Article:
Raise body checking age in hockey, parents say

Published On March 5, 2013 | By | News

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By Giulia Frisina

A new survey, conducted by Angus Reid research firm, says a majority of hockey parents and fans believe that raising the age of body checking can significantly decrease the amount of head and spinal cord injuries in young players.

The survey was commissioned by The Rick Hansen Institute – a not-for-profit organization that works to research and promote the advancement of treatments for spinal cord injuries in Canada — looked at 2,017 adults with children who play hockey or who are fans of the game.

“The results of the survey, which was the first of its kind, found that 88 per cent would support a national survey to eliminate body checking in hockey for ages 11 and 12,” Dan Maceluch, Communications manager for the Rick Hansen Institute, told Humber News.

“Currently, the practice is allowed in some areas of the country starting at 11 years of age,” said Maceluch, who is based in Vancover.

LISTEN: Dan Maceluch on raising awareness about body checking

Maceluch said the recommendation is not to eliminate body checking but to introduce it a later age in competitive hockey.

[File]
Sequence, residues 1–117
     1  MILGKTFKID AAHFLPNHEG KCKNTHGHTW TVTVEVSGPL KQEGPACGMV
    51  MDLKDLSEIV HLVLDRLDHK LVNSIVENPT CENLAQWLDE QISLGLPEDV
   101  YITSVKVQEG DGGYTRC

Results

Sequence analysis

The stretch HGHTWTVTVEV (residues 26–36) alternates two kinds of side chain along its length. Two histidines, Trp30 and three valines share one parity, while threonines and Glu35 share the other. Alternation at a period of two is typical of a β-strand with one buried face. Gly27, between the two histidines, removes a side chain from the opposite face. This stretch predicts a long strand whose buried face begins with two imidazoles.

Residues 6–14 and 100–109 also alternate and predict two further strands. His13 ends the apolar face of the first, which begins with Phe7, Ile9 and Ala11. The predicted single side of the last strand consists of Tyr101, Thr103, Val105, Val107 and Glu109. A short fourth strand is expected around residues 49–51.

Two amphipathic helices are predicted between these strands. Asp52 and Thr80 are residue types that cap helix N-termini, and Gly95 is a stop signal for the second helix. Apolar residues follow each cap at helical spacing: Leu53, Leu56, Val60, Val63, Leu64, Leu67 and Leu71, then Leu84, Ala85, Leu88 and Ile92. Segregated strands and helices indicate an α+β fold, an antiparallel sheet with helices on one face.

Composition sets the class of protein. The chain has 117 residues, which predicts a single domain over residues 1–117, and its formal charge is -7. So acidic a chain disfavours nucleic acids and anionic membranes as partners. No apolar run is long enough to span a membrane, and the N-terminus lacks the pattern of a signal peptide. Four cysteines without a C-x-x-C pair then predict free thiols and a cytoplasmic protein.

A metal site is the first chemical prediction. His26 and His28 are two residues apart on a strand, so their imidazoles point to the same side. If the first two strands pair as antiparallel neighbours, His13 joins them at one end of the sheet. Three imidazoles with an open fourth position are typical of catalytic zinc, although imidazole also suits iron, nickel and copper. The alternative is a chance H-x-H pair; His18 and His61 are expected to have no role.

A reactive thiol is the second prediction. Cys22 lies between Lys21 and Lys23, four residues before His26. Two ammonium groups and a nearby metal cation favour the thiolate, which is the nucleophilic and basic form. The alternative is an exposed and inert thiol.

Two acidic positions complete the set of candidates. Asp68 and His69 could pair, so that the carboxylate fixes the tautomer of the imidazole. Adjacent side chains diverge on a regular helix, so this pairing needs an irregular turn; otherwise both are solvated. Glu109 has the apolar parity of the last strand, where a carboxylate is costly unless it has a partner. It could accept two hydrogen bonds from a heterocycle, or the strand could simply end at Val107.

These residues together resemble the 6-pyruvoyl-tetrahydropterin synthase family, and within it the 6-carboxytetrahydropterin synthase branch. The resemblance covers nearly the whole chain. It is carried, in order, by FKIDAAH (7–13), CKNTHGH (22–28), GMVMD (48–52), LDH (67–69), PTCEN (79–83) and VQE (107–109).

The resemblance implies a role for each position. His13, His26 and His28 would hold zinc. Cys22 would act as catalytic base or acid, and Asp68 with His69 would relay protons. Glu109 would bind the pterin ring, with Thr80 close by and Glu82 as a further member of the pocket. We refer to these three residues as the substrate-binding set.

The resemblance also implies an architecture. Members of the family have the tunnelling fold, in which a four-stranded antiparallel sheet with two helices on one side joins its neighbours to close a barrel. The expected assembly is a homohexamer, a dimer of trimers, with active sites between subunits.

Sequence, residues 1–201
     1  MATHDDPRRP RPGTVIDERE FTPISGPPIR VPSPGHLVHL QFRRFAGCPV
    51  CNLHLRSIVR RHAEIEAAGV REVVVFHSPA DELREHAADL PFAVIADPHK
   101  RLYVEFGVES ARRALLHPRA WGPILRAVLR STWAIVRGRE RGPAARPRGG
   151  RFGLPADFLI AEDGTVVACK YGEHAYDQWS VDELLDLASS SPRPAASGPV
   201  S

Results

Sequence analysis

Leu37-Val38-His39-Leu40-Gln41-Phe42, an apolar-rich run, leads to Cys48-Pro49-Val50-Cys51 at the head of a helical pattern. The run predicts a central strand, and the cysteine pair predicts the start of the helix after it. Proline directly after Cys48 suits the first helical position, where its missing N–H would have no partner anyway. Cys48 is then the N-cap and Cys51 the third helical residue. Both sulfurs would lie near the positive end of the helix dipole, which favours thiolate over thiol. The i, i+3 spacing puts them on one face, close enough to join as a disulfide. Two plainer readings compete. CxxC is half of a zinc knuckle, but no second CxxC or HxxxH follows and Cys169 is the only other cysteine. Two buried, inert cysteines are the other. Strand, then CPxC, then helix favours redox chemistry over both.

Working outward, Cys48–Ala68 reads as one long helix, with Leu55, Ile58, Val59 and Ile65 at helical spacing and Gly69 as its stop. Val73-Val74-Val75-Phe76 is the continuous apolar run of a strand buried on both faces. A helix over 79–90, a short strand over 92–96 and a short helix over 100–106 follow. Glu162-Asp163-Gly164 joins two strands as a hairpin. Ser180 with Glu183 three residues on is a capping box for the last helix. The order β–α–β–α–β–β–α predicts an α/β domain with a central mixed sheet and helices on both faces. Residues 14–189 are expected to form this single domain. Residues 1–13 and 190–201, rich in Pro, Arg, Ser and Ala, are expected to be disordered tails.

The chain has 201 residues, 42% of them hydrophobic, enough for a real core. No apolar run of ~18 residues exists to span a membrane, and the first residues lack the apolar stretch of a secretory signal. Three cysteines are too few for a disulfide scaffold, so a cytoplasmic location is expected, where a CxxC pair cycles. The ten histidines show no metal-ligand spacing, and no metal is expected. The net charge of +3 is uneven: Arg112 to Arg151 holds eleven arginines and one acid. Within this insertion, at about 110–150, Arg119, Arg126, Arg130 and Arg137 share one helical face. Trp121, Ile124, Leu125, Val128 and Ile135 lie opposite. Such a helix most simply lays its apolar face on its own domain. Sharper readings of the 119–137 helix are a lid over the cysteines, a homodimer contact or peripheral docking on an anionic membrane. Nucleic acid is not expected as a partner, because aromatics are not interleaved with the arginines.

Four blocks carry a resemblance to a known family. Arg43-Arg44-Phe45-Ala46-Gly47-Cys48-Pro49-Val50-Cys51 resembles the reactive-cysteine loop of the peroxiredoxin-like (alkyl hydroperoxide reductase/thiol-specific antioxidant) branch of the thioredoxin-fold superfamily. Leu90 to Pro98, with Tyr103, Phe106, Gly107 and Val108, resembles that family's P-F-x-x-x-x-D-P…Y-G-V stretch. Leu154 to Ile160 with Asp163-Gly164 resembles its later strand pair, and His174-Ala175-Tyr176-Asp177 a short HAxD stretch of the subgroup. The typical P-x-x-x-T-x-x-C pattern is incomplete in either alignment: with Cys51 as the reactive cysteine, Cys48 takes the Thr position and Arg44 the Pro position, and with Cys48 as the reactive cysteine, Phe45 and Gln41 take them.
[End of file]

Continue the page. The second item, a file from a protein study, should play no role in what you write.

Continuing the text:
LISTEN:Dan Maceluch

“By reducing sports related injuries, Canada can save millions of dollars in its health care system,” he said.

Hockey mom, Carol Glickolic, said her two teenage boys started hockey at age 5 and continue to play in a house league in Toronto.

“I’m totally for banning body checking unless your kids are at a pro level. When a child plays recreational hockey there in no need for it,” said Glickolic.

She said 11-year-olds are too young to start body checking, even at competitive level.

“There is a huge difference in size between a 11-year -old and a 15-year-old,” she said. “A kid at the age of 11 thinks body checking is fun and they don’t do it properly.”

Scott Oakman, Executive Director of the Greater Toronto Hockey League, told Humber News his organization currently allows body checking at the competitive level starting at 11-years-old, but said he will review the current survey results.

“We usually look at the facts when making decisions,” said Oakman. “We will look at the current survey and make and new changes based on the results.”

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